PEEP – a “cheap” and effective lung protection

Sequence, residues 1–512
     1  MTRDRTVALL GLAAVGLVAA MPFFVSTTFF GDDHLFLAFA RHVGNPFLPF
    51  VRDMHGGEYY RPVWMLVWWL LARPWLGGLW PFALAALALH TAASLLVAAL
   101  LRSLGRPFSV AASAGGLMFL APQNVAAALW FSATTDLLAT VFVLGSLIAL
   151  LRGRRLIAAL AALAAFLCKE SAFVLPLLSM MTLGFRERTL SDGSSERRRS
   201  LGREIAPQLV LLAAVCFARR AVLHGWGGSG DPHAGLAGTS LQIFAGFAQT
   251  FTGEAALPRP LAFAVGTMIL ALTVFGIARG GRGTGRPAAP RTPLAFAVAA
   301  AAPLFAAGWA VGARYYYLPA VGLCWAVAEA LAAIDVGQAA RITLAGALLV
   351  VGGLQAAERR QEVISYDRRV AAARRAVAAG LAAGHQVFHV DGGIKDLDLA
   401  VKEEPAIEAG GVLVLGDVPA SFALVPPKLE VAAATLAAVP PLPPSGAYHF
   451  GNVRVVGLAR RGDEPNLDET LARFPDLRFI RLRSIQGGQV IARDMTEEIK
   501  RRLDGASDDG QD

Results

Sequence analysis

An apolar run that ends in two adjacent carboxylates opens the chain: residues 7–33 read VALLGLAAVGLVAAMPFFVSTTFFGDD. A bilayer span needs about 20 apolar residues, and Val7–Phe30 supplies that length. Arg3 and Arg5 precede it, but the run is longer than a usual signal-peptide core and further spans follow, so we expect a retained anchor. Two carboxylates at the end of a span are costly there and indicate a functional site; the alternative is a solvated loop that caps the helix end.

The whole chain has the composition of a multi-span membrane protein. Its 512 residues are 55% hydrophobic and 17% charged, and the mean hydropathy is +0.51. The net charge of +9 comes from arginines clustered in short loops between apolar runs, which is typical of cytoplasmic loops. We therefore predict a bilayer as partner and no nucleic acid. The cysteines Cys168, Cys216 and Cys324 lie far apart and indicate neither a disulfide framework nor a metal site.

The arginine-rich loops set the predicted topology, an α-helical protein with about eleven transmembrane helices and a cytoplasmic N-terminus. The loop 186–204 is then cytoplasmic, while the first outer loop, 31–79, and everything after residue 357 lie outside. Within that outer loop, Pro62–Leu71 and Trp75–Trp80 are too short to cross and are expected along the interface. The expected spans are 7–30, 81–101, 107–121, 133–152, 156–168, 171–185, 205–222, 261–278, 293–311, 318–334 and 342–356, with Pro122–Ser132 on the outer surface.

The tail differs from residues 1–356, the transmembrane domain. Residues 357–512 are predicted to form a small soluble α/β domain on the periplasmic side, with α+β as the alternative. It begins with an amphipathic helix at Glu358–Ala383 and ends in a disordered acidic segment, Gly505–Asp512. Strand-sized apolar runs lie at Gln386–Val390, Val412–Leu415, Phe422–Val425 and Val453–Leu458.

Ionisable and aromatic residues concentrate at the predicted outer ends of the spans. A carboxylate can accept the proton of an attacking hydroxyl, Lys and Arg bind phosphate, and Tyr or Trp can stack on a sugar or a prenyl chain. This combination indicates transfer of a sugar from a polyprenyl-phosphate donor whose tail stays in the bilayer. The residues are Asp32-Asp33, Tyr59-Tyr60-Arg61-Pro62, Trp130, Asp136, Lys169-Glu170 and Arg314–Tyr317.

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Mechanical ventilation is a complex therapy with several different parameters which can be altered. In preterm and term infants, more attention has been paid to the levels of peak inspiratory pressure than to the positive end-expiratory pressure (PEEP). An awareness that lung protection can be conferred by an appropriate level of PEEP has increasingly stimulated a renewed interest in achieving the "best PEEP" strategy. We review the history of the introduction of PEEP therapy, some of the early demonstrations of its potential for mischief, the evidence on what levels of PEEP are appropriate in infants, some data concerning the lung-protective value of PEEP and finally some recent efforts at defining measures to determine the so-called "best PEEP". Some of this work has been performed in adults with the acute respiratory distress syndrome. In newborns, we are regrettably forced to conclude that there is, for the immediate present, no easy substitute for sensible clinical observations coupled with a judicious and cautious adjustment of PEEP. We anticipate that a more logical application of PEEP with individualisation of therapy, based on a pressure-volume relationship, will in future enable targeted tests of PEEP as a lung-protection strategy.
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